Government Contracts 2018: Trends & Conclusions

Our research into the government contracts market comes at an interesting time for the practice area. A field of law so closely linked to politics has inevitably been affected by the turbulence in international affairs in recent months. There have also been also been a number of trends which appear to transcend domestic and international politics. The increasing litigiousness of the procurement process is having a range of effects on the market. Sources highlight the resurgence of PPP initiatives in a number jurisdictions, while changes to the tendering process and an increasingly experienced contractor market are also changing the way in which practitioners and clients operate. The coming 12 months are full of anticipation for those watching the government contracts space.

Litigation and specialisation

By some margin the most cited observation by sources this year has been the proliferation of litigation in the procurement process. Litigation in the government contracts space is having a number of effects for lawyers in the field. One such change is that the amount of work has risen, as lawyers are now increasingly expected to handle bid protests in the tendering process.

The growth in contentious work has not been limited to typically litigious jurisdictions according to observers. In fact, the trend appears to span the globe. One source states that, at present, “anything of significant value tends to end up in courts”. It seems a chain of compounding events has given rise to this situation. Procurement contracts are now viewed as too valuable to lose. With contractors facing the possibility of spending on litigation or losing a case, the option has increasingly been to opt for challenging the decision.

With contractors increasingly seeing government contracts bids as worth disputing, so practitioners at larger firms have found it difficult to navigate the conflicts of interest that can occur. This change seems to be reflected in our research with many lawyers leaving larger firms to move to or start up boutique litigation practices. Boutiques have a natural tendency towards lower fees, but the added competition in the market is also suppressing costs for contractors. Sources state, “Even sophisticated clients want to try and minimise their litigation spend and use firms who have the same types of skills.” Boutiques’ lack of conflicts means they are readily available to challenge decisions, further enhancing the legal competition in the space.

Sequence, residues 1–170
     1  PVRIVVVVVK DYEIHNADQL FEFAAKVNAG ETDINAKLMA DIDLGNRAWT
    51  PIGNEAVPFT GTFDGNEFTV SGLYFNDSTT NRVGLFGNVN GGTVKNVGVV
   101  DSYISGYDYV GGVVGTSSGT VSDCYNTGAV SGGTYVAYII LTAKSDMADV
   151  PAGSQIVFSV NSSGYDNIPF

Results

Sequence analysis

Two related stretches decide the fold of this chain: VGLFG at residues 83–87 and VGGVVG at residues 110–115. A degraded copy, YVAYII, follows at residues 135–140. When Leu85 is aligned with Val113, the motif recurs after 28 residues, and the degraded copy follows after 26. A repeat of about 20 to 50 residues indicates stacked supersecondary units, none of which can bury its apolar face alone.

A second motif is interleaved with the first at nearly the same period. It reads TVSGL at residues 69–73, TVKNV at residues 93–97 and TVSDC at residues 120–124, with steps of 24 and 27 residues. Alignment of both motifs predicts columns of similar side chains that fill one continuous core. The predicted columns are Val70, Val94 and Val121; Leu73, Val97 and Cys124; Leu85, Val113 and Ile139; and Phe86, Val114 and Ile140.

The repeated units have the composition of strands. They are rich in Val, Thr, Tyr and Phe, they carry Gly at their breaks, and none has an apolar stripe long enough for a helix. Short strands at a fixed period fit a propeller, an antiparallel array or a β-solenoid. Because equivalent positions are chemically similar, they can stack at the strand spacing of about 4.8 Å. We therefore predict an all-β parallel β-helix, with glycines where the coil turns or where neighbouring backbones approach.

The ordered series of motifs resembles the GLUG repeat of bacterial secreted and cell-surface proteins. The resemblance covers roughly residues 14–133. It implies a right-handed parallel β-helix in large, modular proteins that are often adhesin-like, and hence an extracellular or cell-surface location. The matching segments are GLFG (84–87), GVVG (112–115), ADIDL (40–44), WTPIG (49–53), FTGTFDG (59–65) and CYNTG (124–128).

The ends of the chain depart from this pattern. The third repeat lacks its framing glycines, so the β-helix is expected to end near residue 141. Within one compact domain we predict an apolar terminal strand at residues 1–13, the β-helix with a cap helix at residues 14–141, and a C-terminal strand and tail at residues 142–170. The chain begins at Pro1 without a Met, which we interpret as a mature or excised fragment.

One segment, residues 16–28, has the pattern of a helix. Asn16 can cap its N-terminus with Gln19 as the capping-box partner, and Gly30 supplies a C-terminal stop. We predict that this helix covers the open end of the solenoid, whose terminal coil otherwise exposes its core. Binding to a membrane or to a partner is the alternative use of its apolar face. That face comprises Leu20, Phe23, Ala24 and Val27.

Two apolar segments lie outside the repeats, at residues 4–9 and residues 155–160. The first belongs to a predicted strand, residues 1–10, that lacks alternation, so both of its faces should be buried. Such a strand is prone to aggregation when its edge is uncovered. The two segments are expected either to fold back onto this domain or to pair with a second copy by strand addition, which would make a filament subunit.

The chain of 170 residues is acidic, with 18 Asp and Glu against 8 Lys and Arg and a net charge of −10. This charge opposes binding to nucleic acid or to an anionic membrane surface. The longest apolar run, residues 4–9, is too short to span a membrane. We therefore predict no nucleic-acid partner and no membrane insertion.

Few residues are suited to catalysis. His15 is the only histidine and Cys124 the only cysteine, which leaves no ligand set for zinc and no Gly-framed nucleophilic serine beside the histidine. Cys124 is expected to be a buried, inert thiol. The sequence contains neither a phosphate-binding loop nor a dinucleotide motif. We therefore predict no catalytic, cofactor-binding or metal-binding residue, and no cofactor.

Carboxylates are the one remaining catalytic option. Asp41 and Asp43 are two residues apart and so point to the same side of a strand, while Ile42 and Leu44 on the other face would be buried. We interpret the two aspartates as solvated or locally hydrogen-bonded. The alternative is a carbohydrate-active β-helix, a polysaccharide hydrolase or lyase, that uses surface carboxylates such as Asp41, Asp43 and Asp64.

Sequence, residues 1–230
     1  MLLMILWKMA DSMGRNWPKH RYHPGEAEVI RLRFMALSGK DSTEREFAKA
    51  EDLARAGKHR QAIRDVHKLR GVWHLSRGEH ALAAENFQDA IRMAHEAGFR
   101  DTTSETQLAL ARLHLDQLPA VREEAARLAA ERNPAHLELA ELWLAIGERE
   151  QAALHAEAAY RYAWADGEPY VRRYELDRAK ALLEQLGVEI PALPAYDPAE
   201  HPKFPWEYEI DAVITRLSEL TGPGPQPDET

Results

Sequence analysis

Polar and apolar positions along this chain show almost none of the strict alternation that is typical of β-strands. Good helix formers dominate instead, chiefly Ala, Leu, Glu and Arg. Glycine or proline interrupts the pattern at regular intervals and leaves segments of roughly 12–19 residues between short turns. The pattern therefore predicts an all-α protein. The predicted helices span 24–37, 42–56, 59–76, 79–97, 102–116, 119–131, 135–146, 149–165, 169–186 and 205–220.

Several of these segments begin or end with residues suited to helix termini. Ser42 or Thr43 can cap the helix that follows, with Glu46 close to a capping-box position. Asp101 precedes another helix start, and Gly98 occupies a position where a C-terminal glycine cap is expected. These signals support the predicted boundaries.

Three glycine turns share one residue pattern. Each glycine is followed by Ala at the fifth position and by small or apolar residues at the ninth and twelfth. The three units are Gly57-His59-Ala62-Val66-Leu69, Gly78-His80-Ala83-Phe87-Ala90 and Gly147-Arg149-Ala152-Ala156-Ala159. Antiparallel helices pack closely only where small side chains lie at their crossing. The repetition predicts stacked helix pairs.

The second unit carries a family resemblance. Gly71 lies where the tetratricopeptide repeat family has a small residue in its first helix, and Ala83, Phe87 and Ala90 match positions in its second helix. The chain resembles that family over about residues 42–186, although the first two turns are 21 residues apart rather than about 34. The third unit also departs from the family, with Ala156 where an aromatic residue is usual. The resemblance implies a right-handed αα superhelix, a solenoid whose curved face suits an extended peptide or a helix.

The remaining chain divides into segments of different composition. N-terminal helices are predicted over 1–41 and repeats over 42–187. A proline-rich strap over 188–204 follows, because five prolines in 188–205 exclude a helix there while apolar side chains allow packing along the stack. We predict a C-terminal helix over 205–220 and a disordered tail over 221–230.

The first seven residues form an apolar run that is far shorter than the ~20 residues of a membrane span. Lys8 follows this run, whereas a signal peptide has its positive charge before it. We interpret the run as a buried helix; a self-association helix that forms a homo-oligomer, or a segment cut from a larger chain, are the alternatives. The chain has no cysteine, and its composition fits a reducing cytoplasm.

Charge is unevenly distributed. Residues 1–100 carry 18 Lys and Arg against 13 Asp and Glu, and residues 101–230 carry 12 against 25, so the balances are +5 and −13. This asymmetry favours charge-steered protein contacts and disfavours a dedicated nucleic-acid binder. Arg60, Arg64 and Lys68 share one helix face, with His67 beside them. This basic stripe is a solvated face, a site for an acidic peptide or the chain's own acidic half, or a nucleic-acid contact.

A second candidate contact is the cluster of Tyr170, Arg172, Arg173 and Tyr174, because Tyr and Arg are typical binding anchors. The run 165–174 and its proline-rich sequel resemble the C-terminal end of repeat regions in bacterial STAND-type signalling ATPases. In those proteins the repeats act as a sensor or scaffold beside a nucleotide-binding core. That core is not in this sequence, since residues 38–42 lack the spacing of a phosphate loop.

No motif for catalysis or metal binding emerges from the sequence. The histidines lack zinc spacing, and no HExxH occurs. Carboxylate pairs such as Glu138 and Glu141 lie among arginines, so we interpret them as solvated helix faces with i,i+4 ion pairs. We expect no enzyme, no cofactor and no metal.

Across the legal world, third-party funding is having dramatic effects on legal practices and the field of government contracts is no exception. With contractors able to keep the financial cost of litigation off their books by outsourcing the financing of going to court, litigation, especially in high-value cases, can seem a worthwhile avenue to pursue.

Rather than the rise in litigation being hampered by the usual desire to reduce legal fees, contractors are instead seeing this cost contained by greater market competition and through third-party funding. As such, not only is the incentive to challenge a decision great, but the costs of doing so have not risen so much as to disincentivise the practice.